Portugal as the ‘good pupil of the European Union’: Living under the regime of the Troika
Although the Portuguese economy is still weak and characterised by permanent imbalances in its current trade balance deﬁcit, the country’s political elites are highly committed to EMU. This approach with regard to the European Union is best symbolised by the depiction of Portugal as ‘a good pupil of the European Union’ (Pureza, 2011). This basically means that successive Portuguese governments have uncritically accepted reform packages from the European Union in the hope that this compliance will be well regarded by their counterparts in the supranational institutions. The ‘good pupil’ image is orientated towards the outside world, the technocratic establishment in Brussels and relevant core member states such as Germany, while neglecting the suﬀering of the population. This persistent desire on the part of Portuguese political elites to be praised by the technocratic elites and German politicians reached a peak when the Portuguese government emphasised during the crisis that ‘Portugal is not Greece’ (Portugal não é a Grécia, see Magone, 2014b). In 2002, Portugal was the ﬁrst country to receive a letter on an excessive
budget deﬁcit from the European Commission. Even before the ﬁnancial, Euroand sovereign debt crises began in 2008, successive governments in Portugal had to implement austerity measures to keep the nation’s deﬁcit below 3 per cent. However, this was only achieved at considerable social cost and with a decrease in GDP growth to below zero. In 2008, Portugal had a budget deﬁcit of 3.1 per cent and a public debt ratio of 71.7 per cent (Eurostat, 2014b, c) Eﬀorts aimed at convergence of the deﬁcit were abandoned in 2009 when the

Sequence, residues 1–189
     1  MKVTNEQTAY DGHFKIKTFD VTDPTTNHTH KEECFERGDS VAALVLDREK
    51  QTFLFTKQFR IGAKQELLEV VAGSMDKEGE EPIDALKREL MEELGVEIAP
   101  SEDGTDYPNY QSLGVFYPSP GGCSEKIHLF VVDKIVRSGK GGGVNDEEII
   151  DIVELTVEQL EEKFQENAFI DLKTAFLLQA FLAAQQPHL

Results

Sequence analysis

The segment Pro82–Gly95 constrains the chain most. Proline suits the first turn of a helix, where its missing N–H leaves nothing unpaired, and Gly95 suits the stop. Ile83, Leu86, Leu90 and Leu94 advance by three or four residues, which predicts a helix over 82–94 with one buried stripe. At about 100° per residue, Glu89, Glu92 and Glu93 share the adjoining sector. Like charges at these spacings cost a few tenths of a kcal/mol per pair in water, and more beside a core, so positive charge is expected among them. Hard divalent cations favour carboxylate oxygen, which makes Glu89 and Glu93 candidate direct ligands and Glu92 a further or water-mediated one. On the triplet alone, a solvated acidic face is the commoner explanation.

government was forced to deal with an economic recession and the bailout of several banks that had been aﬀected by either toxic assets following the collapse of Lehman Brothers or the subsequent credit crunch. Critical in this regard was the Portuguese Business Bank (Banco Português de Negócios – BPN), which was mostly aﬀected by the US ﬁnancial crisis; it had to be bailed out by the government and was subsequently nationalised. This bailout was estimated to cost at least € 3.4 billion, and the deﬁcit soared to 10.2 and 9.8 per cent in 2009 and 2010, respectively. The BPN bailout was heavily politicised, in part because several politicians from one of the main parties, the Social Democratic Party (Partido
Social Democrata – PSD), held top positions in the bank. Afterwards, the bank was sold for just €40 million to the Angolan Bank BIC by the PSD and Democratic Social Centre-People’s Party (Centro Democratico e Social-Partido Popular – CDS-PP) coalition government led by Prime Minister Pedro Passos Coelho. Parallel to this, public debt increased from 53.1 per cent of GDP in 2001 to 94 per cent at the end of 2010 (Eurostat, 2014b, c; for an excellent discussion of the problems of reform, see Torres, 2009). As one inﬂuential Portuguese political scientist has claimed, Portugal has a huge imbalance between its productive and distributive sectors. The country’s stagnant economy has only reinforced this, leading ultimately to what he calls the ‘end of illusions’ with regard to the main problem of the Portuguese political economy (Aguiar, 2005: 58). This chapter delineates the process that led to the intervention of the Troika in
Portugal. In the next section, the relationship between the Portuguese government and the Troika is discussed, followed by an early assessment of the outcomes of the implemented programme of reforms. The subsequent section deals with the impact on democracy and society at large. Finally, some conclusions will be drawn.